A number of years ago there was a movie called 'Apocalypse Now'.  As I recall there were no real morally upstanding good guys in the whole film, but there were a couple that were extra creepy-bad.  One was a CIA-type who, when talking about getting rid of a rogue colonel, used the term "Terminate with extreme prejudice".  That was the fate that befell my volunteer crop of phony berries. I ripped every last one of them out by roots.  Next....

The empty bed between the green beans and the eggplant is where my fakers used to be.

In the grand scheme of things, these mistakes are pretty small potatoes and I'm sure to make bigger one as time goes on.  I thought however that amongst the moderate successes I should fess up to at least some of the failures.  All good, and I hope you now won't make the same homestead garden mistakes I have.

Col. 1:9-12,


Wednesday, July 1, 2015

Hey! It's a garden again!

Hello all!  Mark the bad, bad blogger back again. 

First the catch up:  De had foot surgery last Friday and has been in the recliner with her foot up since.  She's allowed to be up and around no more 5 minutes out of every hour, and has to have her foot elevated at or above heart level the other 55 minutes out of the hour.  I took the week off, and have been doing the 'Nurse Mark' thing and working the lawn and garden in between.  We have been so blessed to have family and friends bring in the evening meals.  I'm a fair cook, but it so nice not to have to worry about what supper is going be amongst everything else.  We see the surgeon for a followup tomorrow.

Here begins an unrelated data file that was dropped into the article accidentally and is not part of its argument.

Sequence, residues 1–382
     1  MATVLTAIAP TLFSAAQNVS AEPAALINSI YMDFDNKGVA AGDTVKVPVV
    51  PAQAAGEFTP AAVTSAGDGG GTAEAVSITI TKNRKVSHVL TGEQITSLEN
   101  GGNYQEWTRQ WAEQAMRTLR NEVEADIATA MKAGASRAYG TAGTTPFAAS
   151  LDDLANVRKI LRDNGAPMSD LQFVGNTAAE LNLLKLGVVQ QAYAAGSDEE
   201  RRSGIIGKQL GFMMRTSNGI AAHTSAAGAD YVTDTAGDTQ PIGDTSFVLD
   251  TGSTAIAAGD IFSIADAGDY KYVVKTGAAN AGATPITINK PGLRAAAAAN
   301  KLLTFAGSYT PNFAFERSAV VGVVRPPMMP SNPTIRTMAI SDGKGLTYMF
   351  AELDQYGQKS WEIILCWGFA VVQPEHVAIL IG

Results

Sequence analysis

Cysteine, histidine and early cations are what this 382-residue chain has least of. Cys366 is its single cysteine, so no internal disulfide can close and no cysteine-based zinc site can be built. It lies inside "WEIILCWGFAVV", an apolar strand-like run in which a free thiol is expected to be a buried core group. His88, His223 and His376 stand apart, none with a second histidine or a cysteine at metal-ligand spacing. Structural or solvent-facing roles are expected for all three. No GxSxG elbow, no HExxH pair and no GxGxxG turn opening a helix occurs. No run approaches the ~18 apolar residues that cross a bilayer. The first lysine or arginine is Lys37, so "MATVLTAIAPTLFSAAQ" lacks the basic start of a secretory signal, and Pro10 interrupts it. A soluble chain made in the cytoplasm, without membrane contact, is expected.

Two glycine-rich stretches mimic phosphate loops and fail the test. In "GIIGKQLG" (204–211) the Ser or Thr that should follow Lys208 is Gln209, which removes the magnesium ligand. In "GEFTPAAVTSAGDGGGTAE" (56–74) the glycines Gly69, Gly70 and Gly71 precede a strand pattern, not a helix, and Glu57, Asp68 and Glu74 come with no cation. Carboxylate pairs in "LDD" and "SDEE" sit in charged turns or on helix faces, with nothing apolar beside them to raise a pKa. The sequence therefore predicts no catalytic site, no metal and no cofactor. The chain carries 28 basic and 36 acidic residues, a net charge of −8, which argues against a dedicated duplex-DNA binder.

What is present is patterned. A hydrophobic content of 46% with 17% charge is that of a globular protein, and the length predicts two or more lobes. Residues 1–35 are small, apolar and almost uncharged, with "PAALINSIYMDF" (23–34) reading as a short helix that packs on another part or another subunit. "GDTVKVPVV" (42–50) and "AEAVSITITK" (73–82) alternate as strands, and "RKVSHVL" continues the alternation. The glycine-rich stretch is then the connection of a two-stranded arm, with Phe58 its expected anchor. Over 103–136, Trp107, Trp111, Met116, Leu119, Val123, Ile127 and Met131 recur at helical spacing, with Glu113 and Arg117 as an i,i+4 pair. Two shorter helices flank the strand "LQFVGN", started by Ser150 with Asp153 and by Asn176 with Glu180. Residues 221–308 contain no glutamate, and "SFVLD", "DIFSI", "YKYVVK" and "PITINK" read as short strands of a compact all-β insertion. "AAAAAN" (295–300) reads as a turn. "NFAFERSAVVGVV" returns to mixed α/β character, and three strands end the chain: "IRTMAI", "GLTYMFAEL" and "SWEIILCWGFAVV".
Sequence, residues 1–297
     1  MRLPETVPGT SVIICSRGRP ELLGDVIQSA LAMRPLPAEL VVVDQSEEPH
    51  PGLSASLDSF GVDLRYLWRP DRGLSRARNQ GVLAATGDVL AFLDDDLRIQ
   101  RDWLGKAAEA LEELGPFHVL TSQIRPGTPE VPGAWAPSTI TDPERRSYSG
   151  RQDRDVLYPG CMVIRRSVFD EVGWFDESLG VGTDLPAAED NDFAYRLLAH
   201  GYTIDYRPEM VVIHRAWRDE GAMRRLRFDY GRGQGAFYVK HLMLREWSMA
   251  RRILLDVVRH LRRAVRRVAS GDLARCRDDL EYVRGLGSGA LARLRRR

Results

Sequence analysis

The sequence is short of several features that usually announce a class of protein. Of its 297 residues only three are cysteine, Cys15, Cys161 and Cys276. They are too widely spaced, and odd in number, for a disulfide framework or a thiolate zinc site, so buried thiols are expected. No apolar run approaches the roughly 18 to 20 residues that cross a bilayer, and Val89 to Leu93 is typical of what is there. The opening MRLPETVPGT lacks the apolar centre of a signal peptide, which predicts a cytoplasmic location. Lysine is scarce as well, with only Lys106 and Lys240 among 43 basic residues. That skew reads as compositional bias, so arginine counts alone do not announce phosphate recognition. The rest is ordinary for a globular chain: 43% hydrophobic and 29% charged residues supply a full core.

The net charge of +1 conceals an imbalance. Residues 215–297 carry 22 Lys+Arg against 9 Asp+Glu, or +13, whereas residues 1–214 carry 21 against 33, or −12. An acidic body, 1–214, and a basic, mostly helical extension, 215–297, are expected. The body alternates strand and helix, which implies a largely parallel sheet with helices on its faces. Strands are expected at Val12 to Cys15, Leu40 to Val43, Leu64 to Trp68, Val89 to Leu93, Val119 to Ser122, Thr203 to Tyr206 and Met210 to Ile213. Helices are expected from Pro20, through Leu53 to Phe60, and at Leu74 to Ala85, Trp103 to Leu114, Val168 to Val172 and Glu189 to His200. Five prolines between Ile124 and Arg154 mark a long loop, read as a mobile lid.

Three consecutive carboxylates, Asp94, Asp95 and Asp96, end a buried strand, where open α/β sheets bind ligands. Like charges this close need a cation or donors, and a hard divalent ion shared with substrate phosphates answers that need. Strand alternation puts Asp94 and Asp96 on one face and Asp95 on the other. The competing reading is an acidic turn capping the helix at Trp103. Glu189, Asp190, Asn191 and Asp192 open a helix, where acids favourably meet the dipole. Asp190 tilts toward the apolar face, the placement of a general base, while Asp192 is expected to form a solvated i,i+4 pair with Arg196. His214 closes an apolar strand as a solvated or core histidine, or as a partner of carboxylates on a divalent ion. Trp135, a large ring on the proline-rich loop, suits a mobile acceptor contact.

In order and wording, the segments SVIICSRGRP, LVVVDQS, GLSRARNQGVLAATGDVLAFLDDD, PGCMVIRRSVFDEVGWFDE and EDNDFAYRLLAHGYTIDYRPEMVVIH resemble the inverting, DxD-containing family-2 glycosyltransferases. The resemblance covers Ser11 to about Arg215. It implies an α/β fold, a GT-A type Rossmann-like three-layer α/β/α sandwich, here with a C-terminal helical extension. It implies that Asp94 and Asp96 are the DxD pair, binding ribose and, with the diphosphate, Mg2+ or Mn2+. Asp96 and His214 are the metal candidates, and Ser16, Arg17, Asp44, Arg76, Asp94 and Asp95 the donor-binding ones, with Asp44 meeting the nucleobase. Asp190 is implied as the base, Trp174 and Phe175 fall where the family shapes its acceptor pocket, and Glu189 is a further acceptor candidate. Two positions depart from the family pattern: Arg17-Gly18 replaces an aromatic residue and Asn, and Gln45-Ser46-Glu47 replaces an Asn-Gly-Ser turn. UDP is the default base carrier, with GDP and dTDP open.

Between meals, hot drinks, cold drinks, ice bag changes, medications, post-surgery boot adjustments, counting out 5 minutes of up-time, housework and general errands, I have gotten some lawn and garden time in.  Here is the more-than-a-little-embarrassing mess I started with:

There is a garden under all those weeds!
After a couple of days work I found (most) of the garden that was supposed to be there.  I started with a full mowing.  It has been so wet for so long it had reverted to the pasture it started out as 25 years ago when we built here.  The good news is that gave me an ample source of lawn clippings, most of which I still have available to "harvest".

I weed-wacked between the beds and added lawn clippings. I still have more of this to do.  Then (finally) got the tomatoes caged and pole beans trellised.
Tomato cages in 10 foot beds made from 9' 4" of a 16' hog panel

The rest of the 16' hog panel set up for pole bean trellises.
After a bit of weeding I found the rest of what we had planted.

Egg plant looks good

Broccoli (or Brussel Sprouts) look great

Brussel Sprouts (or Broccoli) looks great

The lettuce did not really survive the weeding..

But did better than the spinach.  I think some of that is overgrown spinach, but it's all coming out.

The cabbage is doing great

I had some help with weeding the peas
And between the two of us, they look pretty good.

I was certain I had killed my Horseradish when I harvested last years crop.  Apparently not....

I've got plenty more to do, but at least I feel like I'm back in the game.  I am, however, reaping the results of some gardening mistakes, which I'll fess up to in nauseating detail in the next post.

I've been trying to catch up on blog visits and hope to be on top of everything before I go back the 'day job' on Monday.  As you all know, however, during gardening season one has to "make hay while the sun shines".  I just wish it wasn't my lawn that needs a baler!! :-)

Take care all.  Col. 1:9-12,